Solar Power for Camping, Hiking and Photo GearI live simply, and when camping do the same. I'm not one to watch TV at night at home or while traveling. I tend to watch the night sky and do a bit of reading or art-making while camping. I do watch movies at home, but prefer the quiet of camping and my connection to the land and universe. On a cold night I light a fire and enjoy friends and family at camp.
When dry camping, I like to keep my 12V house battery charged for lights and to run the water pump and toilet. I bought a 50 watt and a 35 watt solar panel. The 50 watt panel came with a kit that includes a 12V backup battery for traveling and to charge AC devices. I have not needed the 50 watt for my limited power needs in my Saturn. All of my interior and exterior lights are LEDs so they use very little juice. I turn off the water pump when not in use.
|At Wahweap campground, a 35 Watt Solar Panel is hooked up |
to trickle charge my rig when dry camping. It's often sunny out here
in the Southwest, so solar is the way to go.
|Boondocking in Utah, my solar panel has kept my 18 footer fully charged |
for a week of camping. When I unhook and go for a backcountry 4WD,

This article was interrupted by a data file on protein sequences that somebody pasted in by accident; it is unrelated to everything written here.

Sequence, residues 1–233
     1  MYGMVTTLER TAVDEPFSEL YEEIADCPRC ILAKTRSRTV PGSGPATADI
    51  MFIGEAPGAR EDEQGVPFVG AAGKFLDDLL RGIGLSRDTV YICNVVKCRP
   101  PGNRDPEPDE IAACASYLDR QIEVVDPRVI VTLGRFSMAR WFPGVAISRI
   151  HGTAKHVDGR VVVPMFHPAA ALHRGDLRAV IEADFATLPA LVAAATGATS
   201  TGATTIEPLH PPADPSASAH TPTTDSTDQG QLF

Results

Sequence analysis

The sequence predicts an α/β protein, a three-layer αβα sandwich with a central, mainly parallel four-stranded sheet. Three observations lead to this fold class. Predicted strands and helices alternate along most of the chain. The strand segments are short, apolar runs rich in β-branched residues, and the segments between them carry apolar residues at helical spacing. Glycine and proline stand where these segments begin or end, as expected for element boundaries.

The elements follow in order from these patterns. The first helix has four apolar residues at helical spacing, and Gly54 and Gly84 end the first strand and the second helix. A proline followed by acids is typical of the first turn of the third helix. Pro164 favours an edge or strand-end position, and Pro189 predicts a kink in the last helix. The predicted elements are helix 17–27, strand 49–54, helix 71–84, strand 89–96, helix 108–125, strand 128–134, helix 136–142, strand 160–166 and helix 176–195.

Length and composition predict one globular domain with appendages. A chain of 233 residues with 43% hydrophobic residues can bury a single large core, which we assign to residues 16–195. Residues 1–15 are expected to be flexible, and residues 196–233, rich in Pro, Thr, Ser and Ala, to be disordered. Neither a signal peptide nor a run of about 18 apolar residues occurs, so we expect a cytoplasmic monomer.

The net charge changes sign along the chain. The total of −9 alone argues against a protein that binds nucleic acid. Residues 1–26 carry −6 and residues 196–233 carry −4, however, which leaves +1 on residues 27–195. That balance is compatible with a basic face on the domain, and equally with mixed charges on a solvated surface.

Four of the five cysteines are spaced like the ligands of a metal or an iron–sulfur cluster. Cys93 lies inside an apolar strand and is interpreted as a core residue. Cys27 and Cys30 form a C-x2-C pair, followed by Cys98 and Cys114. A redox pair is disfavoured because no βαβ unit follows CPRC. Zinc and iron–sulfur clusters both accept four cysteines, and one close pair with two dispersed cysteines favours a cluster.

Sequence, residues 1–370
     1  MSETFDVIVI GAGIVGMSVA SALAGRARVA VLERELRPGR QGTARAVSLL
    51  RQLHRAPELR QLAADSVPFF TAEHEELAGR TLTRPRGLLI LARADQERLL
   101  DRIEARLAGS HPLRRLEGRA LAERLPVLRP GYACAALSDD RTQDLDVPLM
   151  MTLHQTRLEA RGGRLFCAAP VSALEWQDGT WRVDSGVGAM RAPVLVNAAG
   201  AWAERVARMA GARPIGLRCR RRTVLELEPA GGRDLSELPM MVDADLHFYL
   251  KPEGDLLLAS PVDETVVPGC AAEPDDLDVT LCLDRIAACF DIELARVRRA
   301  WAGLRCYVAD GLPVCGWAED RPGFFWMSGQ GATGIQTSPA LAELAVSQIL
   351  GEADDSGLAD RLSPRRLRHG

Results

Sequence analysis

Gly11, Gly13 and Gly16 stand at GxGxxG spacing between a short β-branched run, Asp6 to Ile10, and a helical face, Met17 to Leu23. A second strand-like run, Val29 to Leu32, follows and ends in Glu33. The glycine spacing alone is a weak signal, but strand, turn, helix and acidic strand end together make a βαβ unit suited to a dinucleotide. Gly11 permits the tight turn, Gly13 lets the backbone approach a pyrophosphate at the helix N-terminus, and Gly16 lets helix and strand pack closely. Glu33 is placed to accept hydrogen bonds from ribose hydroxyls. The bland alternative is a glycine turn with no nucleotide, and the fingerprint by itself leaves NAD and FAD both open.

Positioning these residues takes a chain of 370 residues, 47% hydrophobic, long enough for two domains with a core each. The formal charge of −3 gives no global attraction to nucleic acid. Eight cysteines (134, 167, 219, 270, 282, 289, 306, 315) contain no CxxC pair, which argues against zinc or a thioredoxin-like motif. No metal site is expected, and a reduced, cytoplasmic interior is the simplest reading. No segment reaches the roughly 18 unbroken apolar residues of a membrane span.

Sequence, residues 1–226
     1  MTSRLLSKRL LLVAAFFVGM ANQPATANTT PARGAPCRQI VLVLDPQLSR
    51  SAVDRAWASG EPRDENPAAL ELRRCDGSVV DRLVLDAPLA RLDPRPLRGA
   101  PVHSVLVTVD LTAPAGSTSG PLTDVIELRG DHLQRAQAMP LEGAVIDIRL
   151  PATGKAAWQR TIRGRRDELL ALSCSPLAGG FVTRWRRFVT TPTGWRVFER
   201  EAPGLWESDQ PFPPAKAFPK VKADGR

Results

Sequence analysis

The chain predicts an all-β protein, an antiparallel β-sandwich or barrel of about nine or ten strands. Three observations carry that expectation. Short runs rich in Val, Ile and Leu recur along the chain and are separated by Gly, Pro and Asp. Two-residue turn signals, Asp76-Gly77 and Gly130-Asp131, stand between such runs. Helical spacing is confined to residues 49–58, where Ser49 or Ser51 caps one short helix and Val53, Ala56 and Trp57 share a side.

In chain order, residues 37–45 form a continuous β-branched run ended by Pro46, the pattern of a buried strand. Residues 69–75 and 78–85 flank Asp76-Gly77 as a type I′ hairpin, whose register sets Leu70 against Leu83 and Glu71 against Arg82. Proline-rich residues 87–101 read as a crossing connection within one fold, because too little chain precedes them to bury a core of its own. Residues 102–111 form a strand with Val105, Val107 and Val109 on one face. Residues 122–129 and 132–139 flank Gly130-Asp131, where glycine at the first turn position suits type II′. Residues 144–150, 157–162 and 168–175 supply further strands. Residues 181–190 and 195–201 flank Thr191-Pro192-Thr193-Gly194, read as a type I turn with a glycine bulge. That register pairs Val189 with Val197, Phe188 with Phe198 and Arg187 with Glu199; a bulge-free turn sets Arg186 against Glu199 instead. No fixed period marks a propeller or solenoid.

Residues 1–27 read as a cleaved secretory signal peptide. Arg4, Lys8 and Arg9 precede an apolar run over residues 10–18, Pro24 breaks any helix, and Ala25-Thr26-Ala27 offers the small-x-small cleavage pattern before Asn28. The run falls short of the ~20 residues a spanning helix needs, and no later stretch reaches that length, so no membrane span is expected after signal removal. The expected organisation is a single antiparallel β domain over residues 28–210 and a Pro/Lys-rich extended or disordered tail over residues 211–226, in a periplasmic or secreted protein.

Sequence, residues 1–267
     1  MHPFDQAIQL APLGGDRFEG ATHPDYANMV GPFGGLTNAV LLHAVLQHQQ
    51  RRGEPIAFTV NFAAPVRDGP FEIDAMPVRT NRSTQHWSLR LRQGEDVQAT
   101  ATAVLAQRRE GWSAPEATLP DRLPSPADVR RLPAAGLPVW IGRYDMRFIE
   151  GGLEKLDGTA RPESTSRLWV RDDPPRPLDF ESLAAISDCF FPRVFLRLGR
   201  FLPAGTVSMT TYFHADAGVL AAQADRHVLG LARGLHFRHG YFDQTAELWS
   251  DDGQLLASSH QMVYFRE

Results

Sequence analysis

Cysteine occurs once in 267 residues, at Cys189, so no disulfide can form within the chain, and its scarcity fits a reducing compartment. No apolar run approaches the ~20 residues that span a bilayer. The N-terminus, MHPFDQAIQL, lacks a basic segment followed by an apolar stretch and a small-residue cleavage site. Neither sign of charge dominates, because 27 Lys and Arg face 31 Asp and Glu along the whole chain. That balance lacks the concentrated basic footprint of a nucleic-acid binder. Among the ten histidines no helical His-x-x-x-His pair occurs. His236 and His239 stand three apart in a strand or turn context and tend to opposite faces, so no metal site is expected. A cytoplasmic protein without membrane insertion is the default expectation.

I disconnect the panel and take it with me, for emergency power.
Since taking this photo in the fall, I've removed the awning as it was torn, and had a lot of mold when unrolled. I will replace it.
|While dry camping (boon docking) in Colorado, I kept my battery charged |
by solar trickle charge.
Solar Power for Hiking and Backpacking
I am a photographer, and carry lots of camera gear while hiking. Digital cameras eat batteries for lunch, so it's important to be able to keep the batteries charged in the field. On a recent 5 day backpack, I tested a few solutions to battery use. One solution was to carry 3 dedicated Nikon batteries for my D5100 (my lightest weight camera body); another idea was to use the Goal Zero to charge the AA batteries for use in my point and shoot over the 5 day trip. Here are some suggestions to increase the battery power when recharging at home is not an option.
- Try to limit the amount of "chimping", reviewing every photo. (any monkey can do that)
- When shooting video, which requires the use of the LCD, don't review when finished recording
- Weigh the difference between carrying extra batteries for your cameras, or re-charging in the field
|The battery pack has inputs for the solar panels and USB devices.|
It includes an LED light that runs for 120 hours.
|The Goal Zero Guide 10 Plus Solar Kit, weighs just 1.2 lbs and sells for around $80. at Amazon|
Here's how it works, hang the Goal Zero Panel on your daypack or camera bag, and hook up
the battery pack. The panel will charge the battery pack in 2 hours.
Connect your USB device to the battery pack and charge
your iPhone, iPad or digital camera.
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